11 Can you describe the feeling you had when you saw your published book for the first time?
I’ve been working in book publishing (as a book editor) since the last century (ahem…) so I was quite used to seeing the fruits of my labor when I received the advance copy of my first-ever book, Britney Spears: Stylin’. I used to write a ton of those “teen-dream” books as Maggie Marron. It was fun! I do have to say, it was a big thrill, and with all the books I’ve done, it never goes away. Like holding your child for the first time.
Right now at the top of my list are Christopher Moore and Mary Doria Russell, though I do also so love John Irving, Stephen King, Carl Hiaasen, and Margaret Atwood.
13 Have you ever suffered from a “writer’s block”? What did you do to get past the “block”?
For me it’s never about “block” anymore–it’s finding time. Too much other crap to slog through, which takes time and, more importantly, focus off my WIPs. I have found that a great way to get the creative juices flowing, though, is walking. I have a jogging path in my complex. Many scenes and dialogs developed in my head while walking or running on that path, so I actually have to carry a pen and a small notebook with me, which looks just as weird as you’re imagining it does.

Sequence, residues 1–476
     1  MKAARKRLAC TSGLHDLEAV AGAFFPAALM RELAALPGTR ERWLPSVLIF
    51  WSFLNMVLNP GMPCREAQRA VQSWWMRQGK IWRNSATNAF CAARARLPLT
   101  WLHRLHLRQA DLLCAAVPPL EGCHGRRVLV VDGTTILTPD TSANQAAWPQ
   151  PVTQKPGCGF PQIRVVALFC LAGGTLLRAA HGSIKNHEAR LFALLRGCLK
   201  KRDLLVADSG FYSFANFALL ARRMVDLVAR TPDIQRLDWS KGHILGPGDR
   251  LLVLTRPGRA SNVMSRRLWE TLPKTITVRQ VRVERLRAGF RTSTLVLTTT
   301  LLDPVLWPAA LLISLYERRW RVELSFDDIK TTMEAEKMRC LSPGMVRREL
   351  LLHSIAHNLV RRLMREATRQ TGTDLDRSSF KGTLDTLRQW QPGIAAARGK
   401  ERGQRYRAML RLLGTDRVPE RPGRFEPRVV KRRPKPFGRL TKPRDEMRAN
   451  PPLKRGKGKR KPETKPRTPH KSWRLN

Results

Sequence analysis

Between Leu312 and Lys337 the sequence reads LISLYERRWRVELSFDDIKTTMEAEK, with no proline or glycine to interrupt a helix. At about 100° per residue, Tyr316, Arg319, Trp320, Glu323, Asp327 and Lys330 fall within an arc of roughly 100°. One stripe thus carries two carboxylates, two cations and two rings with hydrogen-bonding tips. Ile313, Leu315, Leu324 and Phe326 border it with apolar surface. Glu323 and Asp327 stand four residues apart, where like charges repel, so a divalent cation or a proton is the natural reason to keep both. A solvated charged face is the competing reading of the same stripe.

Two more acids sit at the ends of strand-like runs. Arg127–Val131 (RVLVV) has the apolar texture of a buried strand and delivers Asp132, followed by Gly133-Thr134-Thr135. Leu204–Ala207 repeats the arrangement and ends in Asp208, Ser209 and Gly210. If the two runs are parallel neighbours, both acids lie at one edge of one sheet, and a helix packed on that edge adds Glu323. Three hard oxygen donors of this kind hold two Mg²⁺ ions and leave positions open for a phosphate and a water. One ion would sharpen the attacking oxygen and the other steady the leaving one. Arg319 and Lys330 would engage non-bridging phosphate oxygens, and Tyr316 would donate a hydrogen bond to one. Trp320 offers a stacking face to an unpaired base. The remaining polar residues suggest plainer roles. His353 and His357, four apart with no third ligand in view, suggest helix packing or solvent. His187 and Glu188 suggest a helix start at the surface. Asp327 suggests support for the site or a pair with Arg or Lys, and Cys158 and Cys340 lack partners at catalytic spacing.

14 What piece of advice would you give to a new writer?
RUN! Ha, just kidding. (No, I’m not kidding. Seriously. RUN! Run as far as you can in the other direction! [Ha, not really. I am just kidding. (Okay, no, I’m not. As fast as your legs can carry you. Go. Now. Get a stable, happy job!) Writing is a happy job mostly.] Keep writing.) Just be sure to keep a thick skin and stay true to what your heart feels like writing. And be sure you’re able to drink a lot.
15 Are you working on anything new? If so, can you tell me about it?
15Always working on a ton of things, including some possible collaborations and author events. I’m not focused enough at this moment to share about my WIPs, but maybe after a jog on that path. Or after I finish this wine…?